Women's hands in a circle

Celebrating Women's HERstory Month with Hilla Sferruzza

Women can build each other up by sharing their stories of success and failure, Sferruzza says.

Hilla Sferruzza is the chief financial officer and executive vice president at Meritage Homes, a real estate development company based in Scottsdale, Ariz. Sferruzza was voted Arizona Businesswoman of the Year – Real Estate in 2011 and CFO of the Year in 2019 by Arizona's chapter of the National Association of Professional Women and Financial Executive International. She is a member of the W. P. Carey School of Business Dean's Council and Finance Advisory Board. We caught up with Sferruzza to ask what Women's History Month means to her.

Question: The theme for this year's Women's HERstory Month is "Celebrating women who tell our stories." What does that theme mean to you?

Hilla Sferruzza

Answer: I am a voracious reader, so this is easy for me because I love the art of storytelling. Hearing other women share their tales of success and, more importantly, failures they've learned from helps foster our community and creates camaraderie while validating that we are not alone. We all have struggles and challenges; hearing your personal situation has been overcome by others is incredibly encouraging. To be able to learn and "stand on the shoulders of giants," especially by those who likely don't perceive themselves as giant, is our version of the boys' club connections that we crave. And maybe hearing others recount their tales will also encourage more women to share their own stories, which will undoubtedly help another generation of women.

Q: Can you tell us about a woman who has positively impacted your life?

A: The answer for me is clearly my mother. Now, the easy throw-away answer is that, like most mothers, she was my biggest champion, loudest supporter, cheerleader, shoulder to cry on, and sanity grounder. Knowing there is a person in your corner who is behind you 100%, 24/7, is incredibly empowering. However, as a woman with a PhD in the science and chemistry field, where women are traditionally underrepresented, she quietly demonstrated to my sister and me that there is always room at the table for smart, innovative, and insightful parties, regardless of gender. You may have to fight harder, but the opportunity is still there. And with more women breaking through barriers, the fight may get a bit easier every time, but the reward remains sweet.

Q: At this point in history, which includes moments of celebration and setbacks for women throughout the U.S. and the world, what are your thoughts about the time we are living in?

A: Reading the headlines, it sometimes feels like it's two steps forward, one step back. This is a wonderful time of discovery for women in the US, with increased college admissions rates, strides made in the C-Suite and board room, and a general increase in workforce participation. The increased acceptance of paternity leave and "interchangeable" parent roles has been wonderful to see nationally and anecdotally with my younger team members. However, other parts of the world are regressing, with oppression returning to countries that previously fostered women's education and career advancement. We need to push on the gas in the US until we are gender agnostic in education, the workplace, politics, and all aspects of life while remembering that, ultimately, success will need to be measured globally, and we cannot abandon international women's causes. We need to continue fighting for and supporting women's rights globally as aggressively as our rights at home.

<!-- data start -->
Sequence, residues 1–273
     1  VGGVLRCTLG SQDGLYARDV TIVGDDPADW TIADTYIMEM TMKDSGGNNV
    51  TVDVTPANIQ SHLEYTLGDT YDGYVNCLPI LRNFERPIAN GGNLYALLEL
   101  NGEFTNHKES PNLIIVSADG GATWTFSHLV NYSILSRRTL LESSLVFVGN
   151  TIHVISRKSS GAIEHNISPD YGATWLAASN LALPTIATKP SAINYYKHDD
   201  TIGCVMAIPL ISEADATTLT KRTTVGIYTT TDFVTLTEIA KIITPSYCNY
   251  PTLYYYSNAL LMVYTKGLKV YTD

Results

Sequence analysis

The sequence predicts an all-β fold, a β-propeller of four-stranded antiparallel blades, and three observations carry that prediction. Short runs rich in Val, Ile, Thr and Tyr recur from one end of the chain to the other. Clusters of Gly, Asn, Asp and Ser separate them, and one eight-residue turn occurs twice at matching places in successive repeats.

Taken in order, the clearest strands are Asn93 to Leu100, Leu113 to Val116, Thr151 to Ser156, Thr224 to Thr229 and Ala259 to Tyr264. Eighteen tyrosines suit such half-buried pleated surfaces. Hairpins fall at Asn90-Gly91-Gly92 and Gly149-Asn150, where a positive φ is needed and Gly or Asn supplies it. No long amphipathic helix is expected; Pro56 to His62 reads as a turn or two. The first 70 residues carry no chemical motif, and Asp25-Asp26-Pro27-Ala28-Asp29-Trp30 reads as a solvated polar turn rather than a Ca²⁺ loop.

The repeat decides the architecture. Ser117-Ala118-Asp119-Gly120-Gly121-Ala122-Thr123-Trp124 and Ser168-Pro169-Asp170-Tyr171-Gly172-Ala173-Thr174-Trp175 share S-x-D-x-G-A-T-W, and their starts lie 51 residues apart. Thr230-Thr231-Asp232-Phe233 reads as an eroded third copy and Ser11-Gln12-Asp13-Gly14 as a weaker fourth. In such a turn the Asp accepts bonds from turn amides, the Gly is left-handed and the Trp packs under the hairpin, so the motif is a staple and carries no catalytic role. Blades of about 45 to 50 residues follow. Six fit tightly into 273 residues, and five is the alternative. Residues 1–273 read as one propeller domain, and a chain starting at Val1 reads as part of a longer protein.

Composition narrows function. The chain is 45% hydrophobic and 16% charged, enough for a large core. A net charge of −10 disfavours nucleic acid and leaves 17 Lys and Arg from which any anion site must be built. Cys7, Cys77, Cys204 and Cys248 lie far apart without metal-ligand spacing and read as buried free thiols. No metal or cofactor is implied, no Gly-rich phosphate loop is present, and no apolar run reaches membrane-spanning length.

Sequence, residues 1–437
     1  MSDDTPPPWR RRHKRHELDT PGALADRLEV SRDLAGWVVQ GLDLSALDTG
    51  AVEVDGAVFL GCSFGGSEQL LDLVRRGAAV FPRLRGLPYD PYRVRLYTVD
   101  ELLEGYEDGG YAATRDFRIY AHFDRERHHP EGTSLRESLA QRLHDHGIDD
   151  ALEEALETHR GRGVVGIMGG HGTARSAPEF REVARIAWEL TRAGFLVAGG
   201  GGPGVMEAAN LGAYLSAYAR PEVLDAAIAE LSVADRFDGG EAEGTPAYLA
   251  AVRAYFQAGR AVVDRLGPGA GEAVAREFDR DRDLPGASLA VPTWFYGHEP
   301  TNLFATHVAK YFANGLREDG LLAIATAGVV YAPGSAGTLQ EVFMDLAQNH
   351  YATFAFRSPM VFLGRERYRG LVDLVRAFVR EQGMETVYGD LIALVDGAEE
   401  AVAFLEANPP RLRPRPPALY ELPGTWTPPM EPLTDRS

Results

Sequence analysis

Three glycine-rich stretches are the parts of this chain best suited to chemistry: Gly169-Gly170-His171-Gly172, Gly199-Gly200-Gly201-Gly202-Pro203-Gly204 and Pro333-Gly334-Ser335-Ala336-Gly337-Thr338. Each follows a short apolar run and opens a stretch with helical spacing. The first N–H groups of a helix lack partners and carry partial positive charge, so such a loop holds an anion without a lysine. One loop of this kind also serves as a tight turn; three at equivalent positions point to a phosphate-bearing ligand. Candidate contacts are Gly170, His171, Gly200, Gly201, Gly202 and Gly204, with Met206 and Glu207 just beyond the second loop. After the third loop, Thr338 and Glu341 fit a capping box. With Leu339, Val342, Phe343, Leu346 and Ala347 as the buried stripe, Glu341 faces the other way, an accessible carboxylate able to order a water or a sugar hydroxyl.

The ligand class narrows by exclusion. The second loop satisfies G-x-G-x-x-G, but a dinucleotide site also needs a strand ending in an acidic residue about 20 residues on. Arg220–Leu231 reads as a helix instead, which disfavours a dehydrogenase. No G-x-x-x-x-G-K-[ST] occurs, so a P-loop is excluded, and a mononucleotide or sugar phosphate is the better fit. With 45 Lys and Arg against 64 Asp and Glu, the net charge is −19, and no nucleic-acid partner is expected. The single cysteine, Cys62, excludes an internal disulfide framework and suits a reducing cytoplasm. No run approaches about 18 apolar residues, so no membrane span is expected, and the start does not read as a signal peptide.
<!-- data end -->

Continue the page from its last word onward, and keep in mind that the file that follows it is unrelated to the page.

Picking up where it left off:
Q: What does it mean to support women? How does it impact our communities, country, and world?

A: I believe we should all support each other in a way that is meaningful to each individual, which is at the crux of the "equity" portion of diversity, equity, and inclusion. However, that support will likely be different for women than for their male counterparts. For example, we must include women in meetings and interview opportunities in the workplace to ensure they gain the right experience for future promotions. We also need to encourage and support women candidates at the local, state, and federal levels for elected positions and champion initiatives that promote equity. Perhaps the common thread underlying all forms of "support" is the reminder to be vocal and visible. Our responsibility and duty is to ensure that affected parties know that we are all active and proud supporters of women's initiatives in general, lending our voice and personal gravitas to the issue.

Q: How does access to education change women's lives? How did it change your life?

A: Being the first-born child of two university professors (both of whom taught at ASU!), from a very early age, the importance of education was drilled into my siblings and me. What I only realized halfway through my undergraduate degree was the boost of confidence I would gain from excelling in school. I have always earned high marks and done well academically, but I discounted it to being a big fish in a small pond in high school. In the context of a large university, when I worked hard and continued to outperform my peers, I started believing in my advisor and professors' feedback that I should aim higher, push myself for more, and trust in my worth. The quantitative nature of performance in a school setting eliminated much of the gender biases that can exist in the "real" world. It encouraged me to push for more in a professional setting. I will forever be grateful for the perspective I gained on my capabilities from my undergraduate and graduate studies.

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